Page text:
It’s fitting that the USF football team will conclude its season in a city that has adopted “You have no idea” as its slogan for 2007.
After a season filled with every possible emotion, the Bulls are now headed to what coach Jim Leavitt said is “one of the most traditional bowls” in college football.
USF officially accepted an invitation Tuesday to play in the 74th annual Brut Sun Bowl, held in El Paso, Texas on New Year’s Eve.
“We’re certainly honored to represent the Big East in one of the most prestigious college bowl games of this season,” USF athletic director Doug Woolard said. “Our football program has caught the imagination of college football fans across America.”
Beginning the season as virtually unknown nationwide, USF quickly established itself as a title contender not only in the Big East Conference, but for a national title.
The Bulls started the year 6-0, riding the highs of Jessie Hester Jr.’s touchdown catch in overtime to defeat Auburn, to shutting down the duo of Pat White and Steve Slaton and beating West Virginia to climbing all the way to No. 2 in the BCS poll.
All of that seemed to be quickly erased as the Bulls dropped their next three contests by a combined 15 points, hitting a low point when Hester couldn’t repeat his feat in regulation play against Cincinnati, resulting in a fall from any ranking.
“At that point any bowl game seemed so far away,” running back Mike Ford said. “After the losses, we weren’t putting up enough points, so the offense really got it going and tacked points to the scoreboard.”
During the final three weeks of the regular season, the team earned its way back into the BCS rankings by averaging 48 points per game and defeating Syracuse, Louisville and Pittsburgh in a convincing fashion.
USF’s turnaround landed the team at No. 21 in the BCS and the second-highest ranking in the conference.
“We want to be the first, and we will be eventually, but to be second is about as close as you can be to being the top team,” Leavitt said. “They battled, persevered and went through three of the most gut wrenching losses I’ve ever been involved with. Our guys could have quit and backed off, but they didn’t.”
Awaiting the Bulls is an opponent from the Pacific-10 Conference, the only BCS conference they have yet to play, as they make their national-network television debut on CBS with kickoff scheduled for 2 p.m.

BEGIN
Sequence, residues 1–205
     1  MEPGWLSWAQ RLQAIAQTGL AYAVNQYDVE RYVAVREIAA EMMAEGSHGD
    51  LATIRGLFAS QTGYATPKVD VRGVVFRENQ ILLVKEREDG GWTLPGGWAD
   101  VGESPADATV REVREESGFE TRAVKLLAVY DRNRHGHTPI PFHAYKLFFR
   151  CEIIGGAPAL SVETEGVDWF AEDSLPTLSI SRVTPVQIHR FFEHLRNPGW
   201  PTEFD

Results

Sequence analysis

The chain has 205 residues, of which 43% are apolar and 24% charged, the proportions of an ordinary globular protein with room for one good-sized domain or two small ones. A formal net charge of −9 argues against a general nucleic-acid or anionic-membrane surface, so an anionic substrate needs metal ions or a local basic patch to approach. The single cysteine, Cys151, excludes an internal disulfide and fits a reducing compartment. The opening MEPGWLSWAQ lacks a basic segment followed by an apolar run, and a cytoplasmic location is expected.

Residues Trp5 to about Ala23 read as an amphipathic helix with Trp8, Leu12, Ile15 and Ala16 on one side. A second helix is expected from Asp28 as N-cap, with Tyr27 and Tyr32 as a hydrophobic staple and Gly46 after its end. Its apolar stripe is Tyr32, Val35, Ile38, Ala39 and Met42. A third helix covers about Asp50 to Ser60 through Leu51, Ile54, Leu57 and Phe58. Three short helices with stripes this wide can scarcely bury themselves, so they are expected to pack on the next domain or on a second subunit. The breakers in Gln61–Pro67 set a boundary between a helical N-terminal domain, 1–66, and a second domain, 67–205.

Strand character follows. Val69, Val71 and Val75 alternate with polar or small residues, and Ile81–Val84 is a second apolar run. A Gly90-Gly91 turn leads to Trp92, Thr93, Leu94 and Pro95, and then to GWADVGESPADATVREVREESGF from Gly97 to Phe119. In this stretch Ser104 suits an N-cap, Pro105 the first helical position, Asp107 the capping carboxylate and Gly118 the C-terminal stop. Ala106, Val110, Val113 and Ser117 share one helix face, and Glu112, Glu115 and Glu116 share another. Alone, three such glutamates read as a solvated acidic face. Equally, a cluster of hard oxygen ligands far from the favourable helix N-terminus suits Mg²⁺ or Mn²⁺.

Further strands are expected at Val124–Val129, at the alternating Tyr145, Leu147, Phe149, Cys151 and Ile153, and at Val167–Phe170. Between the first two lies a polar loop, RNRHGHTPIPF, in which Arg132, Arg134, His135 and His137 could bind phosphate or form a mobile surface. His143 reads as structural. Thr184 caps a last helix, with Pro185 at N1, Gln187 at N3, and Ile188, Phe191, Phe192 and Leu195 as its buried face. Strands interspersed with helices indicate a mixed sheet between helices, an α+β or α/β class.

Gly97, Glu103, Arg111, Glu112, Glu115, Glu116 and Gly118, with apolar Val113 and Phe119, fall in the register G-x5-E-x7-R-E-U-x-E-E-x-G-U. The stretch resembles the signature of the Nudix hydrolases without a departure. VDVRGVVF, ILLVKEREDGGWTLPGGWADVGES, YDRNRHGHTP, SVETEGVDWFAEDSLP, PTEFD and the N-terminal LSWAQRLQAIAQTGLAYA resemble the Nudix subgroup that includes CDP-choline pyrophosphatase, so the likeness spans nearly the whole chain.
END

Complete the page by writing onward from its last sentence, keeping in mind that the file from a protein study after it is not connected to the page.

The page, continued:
Unlike the Big East, where the Sun Bowl can select its participant, the Pac-10 candidate is required to be the third-place team, unless it played in the game the year before.
Oregon State defeated Missouri 39-38 in the Sun Bowl last season, so it could be passed over for a fourth-place team.
The Pac-10’s regular season concludes this weekend and the announcement of the Bulls’ opponent will be made next week.
No. 17 Oregon would be USF’s opponent but the Ducks must defeat Oregon State to retain their position.
What makes the selection complicated is that two teams from the Pac-10 could be chosen for a BCS bowl (Orange, Rose, Fiesta, Sugar or National Championship), and if two teams go, the fourth-place team will face the Bulls.
“I’m going to watch and see who’s going to win and try and scout some of them before we know who we’re playing,” defensive end George Selvie said. “It’s a good conference and there are a lot of good teams there, so I’ll definitely be watching them. A lot of those teams were (ranked as high as USF) and they’re still making strides.”
Perhaps the most appreciative player heading to the Sun Bowl is Ford, as his college career was derailed for two seasons.
Ford originally signed with Alabama in 2005 after one of the most prolific high school careers in Florida. At Sarasota High School, he was tabbed a five-star recruit after rushing for 2,836 yards and 37 touchdowns.
Unable to play for the Crimson Tide because of academics, he attended Hargrave Military Academy for two years before transferring to join his cousin, wide receiver Amarri Jackson, on the Bulls.
In July, Ford’s father died suddenly and the 20-year-old dedicated the season to him.
On the field, the 6-foot-2-inch, 225-pound back emerged as USF’s primary goal line threat and one of the team’s most exciting playmakers.
“That’s not really normal, to play that much as a true freshman,” Ford said. “It feels good to help out the team to get to the bowl.”
He led the Bulls with 12 rushing touchdowns and finished second on the team in rushing with 637 yards, despite seeing limited carries early in the season and sitting out one game.
As the Bulls finished the year with three straight wins, Ford received a bulk of the carries and didn’t disappoint, rushing for 337 yards and six touchdowns.
After the long road to playing college football and dealing with adversity to begin the season, Ford added about what it feels like going to the Sun Bowl: “You have no idea.”